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The Almost Moon: A Novel Hardcover – October 16, 2007


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Product Details

  • Hardcover: 304 pages
  • Publisher: Little, Brown and Company (October 16, 2007)
  • Language: English
  • ISBN-10: 0316677469
  • ISBN-13: 978-0316677462
  • Product Dimensions: 8.3 x 5.7 x 1.2 inches
  • Shipping Weight: 12.8 ounces
  • Average Customer Review: 2.7 out of 5 stars  See all reviews (370 customer reviews)
  • Amazon Best Sellers Rank: #941,241 in Books (See Top 100 in Books)

Editorial Reviews

From Publishers Weekly

Sebold's disappointing second novel (after much-lauded The Lovely Bones) opens with the narrator's statement that she has killed her mother. Helen Knightly, herself the mother of two daughters and an art class model old enough to be the mother of the students who sketch her nude figure, is the dutiful but resentful caretaker for her senile 88-year-old mother, Clair. One day, traumatized by the stink of Clair's voided bowels and determined to bathe her, Helen succumbs to a life-long dream and smothers Clair, who had sucked the life out of [Helen] day by day, year by year. After dragging Clair's corpse into the cellar and phoning her ex-husband to confess her crime, Helen has sex with her best friend's 30-year-old blond-god doofus son. Jumping between past and present, Sebold reveals the family's fractured past (insane, agoraphobic mother; tormented father, dead by suicide) and creates a portrait of Clair that resembles Sebold's own mother as portrayed in her memoir, Lucky. While Helen has clearly suffered at her mother's hands, the matricide is woefully contrived, and Helen's handling of the body and her subsequent actions seem almost slapstick. Sebold can write, that's clear, but her sophomore effort is not in line with her talent. (Oct.)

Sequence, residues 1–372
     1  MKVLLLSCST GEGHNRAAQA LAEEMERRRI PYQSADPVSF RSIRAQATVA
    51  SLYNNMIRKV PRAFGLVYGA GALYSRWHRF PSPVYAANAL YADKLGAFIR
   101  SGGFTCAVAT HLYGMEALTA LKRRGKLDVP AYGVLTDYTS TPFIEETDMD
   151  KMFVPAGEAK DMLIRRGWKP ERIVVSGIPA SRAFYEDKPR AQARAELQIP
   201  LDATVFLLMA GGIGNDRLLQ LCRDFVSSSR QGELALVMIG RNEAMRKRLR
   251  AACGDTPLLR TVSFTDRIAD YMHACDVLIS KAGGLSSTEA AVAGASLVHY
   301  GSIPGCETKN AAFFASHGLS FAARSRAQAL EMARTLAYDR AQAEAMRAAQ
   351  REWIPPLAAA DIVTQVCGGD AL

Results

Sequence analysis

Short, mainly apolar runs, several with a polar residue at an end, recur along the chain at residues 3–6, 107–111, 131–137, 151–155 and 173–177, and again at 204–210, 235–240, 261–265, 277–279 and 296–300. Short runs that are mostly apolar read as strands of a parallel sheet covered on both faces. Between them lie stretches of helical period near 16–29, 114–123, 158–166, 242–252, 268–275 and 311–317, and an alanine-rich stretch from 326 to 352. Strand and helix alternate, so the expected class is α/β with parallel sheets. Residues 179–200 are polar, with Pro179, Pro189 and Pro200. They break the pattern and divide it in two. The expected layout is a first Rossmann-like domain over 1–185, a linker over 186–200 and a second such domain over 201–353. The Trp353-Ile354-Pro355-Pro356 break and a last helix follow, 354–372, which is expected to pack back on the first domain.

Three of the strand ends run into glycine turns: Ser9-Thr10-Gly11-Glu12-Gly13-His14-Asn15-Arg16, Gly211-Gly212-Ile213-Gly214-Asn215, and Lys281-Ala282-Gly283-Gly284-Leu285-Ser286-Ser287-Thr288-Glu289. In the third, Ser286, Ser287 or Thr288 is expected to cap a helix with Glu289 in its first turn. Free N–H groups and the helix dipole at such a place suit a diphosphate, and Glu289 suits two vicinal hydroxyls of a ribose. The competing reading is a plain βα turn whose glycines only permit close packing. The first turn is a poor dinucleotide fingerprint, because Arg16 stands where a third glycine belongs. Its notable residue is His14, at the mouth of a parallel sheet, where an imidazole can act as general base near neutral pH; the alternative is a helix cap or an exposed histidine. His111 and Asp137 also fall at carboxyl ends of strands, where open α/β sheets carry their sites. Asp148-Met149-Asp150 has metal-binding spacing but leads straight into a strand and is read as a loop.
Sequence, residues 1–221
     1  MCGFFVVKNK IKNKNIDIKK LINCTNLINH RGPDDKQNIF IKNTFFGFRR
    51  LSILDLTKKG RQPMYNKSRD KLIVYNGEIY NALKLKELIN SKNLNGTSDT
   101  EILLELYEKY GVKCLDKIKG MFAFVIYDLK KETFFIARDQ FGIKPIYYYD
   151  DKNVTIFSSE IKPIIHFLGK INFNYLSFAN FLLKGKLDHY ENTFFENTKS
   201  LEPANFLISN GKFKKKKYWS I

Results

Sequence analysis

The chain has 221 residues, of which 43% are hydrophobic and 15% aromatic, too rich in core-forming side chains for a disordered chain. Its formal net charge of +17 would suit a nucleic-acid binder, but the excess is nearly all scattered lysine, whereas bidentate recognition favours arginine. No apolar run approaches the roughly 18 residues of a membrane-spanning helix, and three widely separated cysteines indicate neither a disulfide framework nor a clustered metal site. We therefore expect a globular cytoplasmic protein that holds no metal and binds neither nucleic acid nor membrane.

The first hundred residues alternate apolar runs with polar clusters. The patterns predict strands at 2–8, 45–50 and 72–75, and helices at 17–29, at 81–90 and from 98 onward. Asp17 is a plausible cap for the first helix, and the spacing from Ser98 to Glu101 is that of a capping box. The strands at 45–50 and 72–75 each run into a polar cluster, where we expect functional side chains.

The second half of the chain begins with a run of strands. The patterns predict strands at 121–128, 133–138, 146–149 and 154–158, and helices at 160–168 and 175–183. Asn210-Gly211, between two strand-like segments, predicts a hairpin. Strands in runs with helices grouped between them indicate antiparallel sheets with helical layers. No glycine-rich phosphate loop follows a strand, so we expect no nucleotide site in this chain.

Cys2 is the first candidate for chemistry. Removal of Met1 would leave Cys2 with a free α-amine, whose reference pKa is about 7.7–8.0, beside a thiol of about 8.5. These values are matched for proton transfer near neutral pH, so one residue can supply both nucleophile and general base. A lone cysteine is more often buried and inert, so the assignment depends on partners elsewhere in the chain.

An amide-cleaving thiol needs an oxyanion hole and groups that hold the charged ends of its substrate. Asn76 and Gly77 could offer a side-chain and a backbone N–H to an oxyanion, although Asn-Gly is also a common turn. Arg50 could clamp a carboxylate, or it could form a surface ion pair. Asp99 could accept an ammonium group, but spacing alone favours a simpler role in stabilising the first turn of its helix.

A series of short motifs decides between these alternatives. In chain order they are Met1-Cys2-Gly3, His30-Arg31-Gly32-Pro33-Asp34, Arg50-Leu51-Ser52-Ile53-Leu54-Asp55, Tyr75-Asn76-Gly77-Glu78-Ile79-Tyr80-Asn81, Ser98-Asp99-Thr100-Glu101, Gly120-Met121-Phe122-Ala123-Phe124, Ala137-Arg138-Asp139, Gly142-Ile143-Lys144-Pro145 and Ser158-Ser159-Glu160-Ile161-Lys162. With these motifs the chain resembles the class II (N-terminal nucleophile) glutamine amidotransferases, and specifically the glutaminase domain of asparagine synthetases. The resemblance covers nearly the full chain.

Copyright © Reed Business Information, a division of Reed Elsevier Inc. All rights reserved.

From Bookmarks Magazine

Since Alice Sebold’s The Lovely Bones (****1/2 Nov/Dec 2002) was a runaway hit, critics inevitably compared that poignant tale of a murdered teenage girl to this long-awaited, brooding account of a woman pushed to tragic extremes. Some critics praised Sebold’s evocative writing and bleak depiction of family relationships in the shadow of mental illness, but the majority of critics complained that the characters were wholly unsympathetic, their decisions and actions incomprehensible, and the plot implausible. Some of the discord may result from Moon’s ugly subject matter and the natural compassion elicited by the young murder victim in The Lovely Bones (as opposed to the cold-blooded Helen). Sebold’s fans may want to skip this one.

Copyright © 2004 Phillips & Nelson Media, Inc.


More About the Author